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Workshop helps beginning farmers, ranchers, veterans understand ABCs of USDA, other agencies

Writer:

Linda Geist
Writer
University of Missouri Extension
Phone: 573-882-9185
Email: GeistLi@missouri.edu

Published: Tuesday, Sept. 5, 2017

Story source:

Richard Proffer, 573-243-3581

FREDERICKTOWN, Mo. – Openings remain for a free Sept. 18 workshop to help beginning farmers, ranchers and veterans learn about resources offered by state and federal agencies.

University of Missouri Extension sponsors the workshop.

“Understanding the Alphabet Soup of USDA” workshop for beginning farmers and ranchers will be held 9 a.m.-4 p.m. Monday, Sept. 18, at Follis Hall, Fredericktown, said Richard Proffer, MU Extension business development specialist. A session designed for military veterans will be held 2:30-4 p.m.

USDA representatives from the Farm Service Agency, Natural Resources Conservation Service, Farm Loan Programs and Rural Development, will provide information on how to access their agencies’ services, as will representatives from MU Extension and the Missouri AgrAbility Project.

A free lunch is served. Register by contacting Richard Proffer at 573-243-3581 or profferrd@missouri.edu. You may also register at the MU Extension Center in Cape Girardeau County, 684 W. Jackson Trail, P.O. Box 408, Jackson, MO 63755.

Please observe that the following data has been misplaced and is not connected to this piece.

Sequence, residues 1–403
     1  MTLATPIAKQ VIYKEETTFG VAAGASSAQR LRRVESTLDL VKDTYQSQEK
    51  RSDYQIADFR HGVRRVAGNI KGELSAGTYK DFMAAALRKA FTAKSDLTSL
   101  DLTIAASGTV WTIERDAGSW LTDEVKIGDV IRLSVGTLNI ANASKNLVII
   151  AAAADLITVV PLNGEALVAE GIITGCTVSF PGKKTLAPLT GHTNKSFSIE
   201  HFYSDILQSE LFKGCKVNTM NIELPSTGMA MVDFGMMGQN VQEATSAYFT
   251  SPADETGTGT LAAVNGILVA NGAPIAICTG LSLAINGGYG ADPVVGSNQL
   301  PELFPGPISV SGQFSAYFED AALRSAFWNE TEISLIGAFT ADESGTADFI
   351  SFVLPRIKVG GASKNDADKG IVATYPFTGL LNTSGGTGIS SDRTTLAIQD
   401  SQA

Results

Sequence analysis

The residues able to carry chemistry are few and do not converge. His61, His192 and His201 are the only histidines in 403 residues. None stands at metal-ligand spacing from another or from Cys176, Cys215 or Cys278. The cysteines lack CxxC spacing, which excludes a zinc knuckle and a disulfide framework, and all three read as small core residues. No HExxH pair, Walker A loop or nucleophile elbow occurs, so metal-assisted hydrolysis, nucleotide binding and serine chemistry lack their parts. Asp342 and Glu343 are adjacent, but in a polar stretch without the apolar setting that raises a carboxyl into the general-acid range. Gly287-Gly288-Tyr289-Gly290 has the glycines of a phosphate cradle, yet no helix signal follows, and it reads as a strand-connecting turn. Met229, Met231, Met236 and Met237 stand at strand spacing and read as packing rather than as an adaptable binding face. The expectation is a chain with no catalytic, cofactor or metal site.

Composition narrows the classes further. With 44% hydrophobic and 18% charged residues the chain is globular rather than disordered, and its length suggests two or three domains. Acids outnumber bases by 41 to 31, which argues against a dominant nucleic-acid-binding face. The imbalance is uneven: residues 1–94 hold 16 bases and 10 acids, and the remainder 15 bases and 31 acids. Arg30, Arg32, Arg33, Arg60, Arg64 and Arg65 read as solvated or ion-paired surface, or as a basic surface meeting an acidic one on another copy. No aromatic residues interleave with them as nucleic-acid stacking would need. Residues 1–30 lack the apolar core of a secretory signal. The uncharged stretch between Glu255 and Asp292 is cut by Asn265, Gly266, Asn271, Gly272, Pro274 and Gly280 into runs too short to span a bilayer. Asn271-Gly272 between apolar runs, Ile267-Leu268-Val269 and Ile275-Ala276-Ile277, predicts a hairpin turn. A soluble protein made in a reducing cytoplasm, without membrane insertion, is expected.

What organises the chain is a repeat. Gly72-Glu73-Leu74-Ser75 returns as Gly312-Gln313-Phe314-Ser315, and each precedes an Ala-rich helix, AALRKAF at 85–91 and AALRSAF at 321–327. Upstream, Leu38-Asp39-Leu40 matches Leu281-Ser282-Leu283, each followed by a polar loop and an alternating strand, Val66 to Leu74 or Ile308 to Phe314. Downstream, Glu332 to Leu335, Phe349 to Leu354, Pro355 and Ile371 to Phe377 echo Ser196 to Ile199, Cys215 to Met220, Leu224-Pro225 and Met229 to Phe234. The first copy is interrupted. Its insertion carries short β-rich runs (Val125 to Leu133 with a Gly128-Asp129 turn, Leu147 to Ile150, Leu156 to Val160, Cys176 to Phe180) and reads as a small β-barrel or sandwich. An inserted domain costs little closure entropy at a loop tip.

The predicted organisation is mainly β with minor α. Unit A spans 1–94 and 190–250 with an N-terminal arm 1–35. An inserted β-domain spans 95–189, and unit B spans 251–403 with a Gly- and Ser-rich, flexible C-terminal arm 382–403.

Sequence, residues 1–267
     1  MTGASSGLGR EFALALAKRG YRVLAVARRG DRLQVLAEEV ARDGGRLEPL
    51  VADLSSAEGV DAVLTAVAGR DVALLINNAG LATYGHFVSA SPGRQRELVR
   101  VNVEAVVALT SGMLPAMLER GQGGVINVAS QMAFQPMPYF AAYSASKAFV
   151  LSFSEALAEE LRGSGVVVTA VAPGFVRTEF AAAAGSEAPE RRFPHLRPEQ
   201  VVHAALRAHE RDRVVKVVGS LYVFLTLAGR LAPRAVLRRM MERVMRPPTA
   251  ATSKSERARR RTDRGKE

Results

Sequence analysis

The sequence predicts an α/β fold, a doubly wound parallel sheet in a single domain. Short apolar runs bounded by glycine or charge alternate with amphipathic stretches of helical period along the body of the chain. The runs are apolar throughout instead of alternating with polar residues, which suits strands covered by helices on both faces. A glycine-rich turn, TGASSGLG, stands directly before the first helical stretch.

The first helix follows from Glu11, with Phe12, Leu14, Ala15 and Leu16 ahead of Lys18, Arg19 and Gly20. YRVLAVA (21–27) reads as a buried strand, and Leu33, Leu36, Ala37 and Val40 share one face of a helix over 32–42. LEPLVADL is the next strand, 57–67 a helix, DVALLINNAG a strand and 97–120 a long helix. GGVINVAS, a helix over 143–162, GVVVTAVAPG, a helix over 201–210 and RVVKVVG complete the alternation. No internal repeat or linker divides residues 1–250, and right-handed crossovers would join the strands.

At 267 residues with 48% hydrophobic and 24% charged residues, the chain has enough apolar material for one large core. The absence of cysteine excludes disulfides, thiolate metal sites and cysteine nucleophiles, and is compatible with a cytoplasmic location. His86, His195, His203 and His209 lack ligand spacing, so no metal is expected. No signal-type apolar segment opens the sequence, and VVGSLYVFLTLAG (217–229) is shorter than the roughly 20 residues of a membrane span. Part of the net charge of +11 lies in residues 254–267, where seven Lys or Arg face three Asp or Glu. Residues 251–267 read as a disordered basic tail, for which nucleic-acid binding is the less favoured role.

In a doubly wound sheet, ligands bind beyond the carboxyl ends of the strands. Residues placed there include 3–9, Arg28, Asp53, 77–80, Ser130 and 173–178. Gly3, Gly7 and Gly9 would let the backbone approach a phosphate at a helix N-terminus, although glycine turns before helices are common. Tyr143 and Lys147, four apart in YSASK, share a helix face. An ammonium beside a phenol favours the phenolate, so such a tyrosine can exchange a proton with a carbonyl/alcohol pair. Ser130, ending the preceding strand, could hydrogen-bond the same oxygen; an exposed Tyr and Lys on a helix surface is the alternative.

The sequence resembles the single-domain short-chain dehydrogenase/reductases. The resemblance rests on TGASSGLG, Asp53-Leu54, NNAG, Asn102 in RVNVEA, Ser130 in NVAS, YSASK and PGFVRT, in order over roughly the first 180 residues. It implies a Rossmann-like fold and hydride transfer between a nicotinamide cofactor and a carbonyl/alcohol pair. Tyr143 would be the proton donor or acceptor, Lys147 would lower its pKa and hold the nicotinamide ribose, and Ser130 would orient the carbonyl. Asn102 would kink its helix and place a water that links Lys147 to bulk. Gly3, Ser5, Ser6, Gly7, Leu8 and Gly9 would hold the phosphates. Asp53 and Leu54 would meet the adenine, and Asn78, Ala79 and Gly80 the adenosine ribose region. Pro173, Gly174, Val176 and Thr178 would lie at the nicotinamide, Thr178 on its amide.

MU Extension, through a grant from the USDA Office of Advocacy and Outreach to help veterans, Latinos and socially disadvantaged persons who want to farm, offers the program to increase agribusiness and enterprise development. Karen Funkenbusch serves as director. Patricia Barrett, Debi Kelly and Eleazor Gonzalez serve as co-directors.

The USDA 2501 grant helps beginning farmers and others evaluate and plan their farm enterprises. Participants attend a set of practical seminars and field days to learn from MU Extension specialists, farmers and agribusiness operators. The grant comes at a critical time, Funkenbusch says. More than 300,000 veterans are expected to return to their rural Missouri roots in the next decade. “Many of them will seek work in agriculture,” Funkenbusch says. Latinos also represent one of the fastest-growing populations of new farm operators.

USDA helps fund this program as part of an $8.4 million set of grants to 24 states through the Outreach and Assistance for Socially Disadvantaged and Veteran Farmers and Ranchers Program, also known as the 2501 Program. “Understanding the Alphabet Soup of USDA Programs” is offered near military bases and areas identified by USDA as “StrikeForce” and “Promise Zone” initiatives as part of the grant.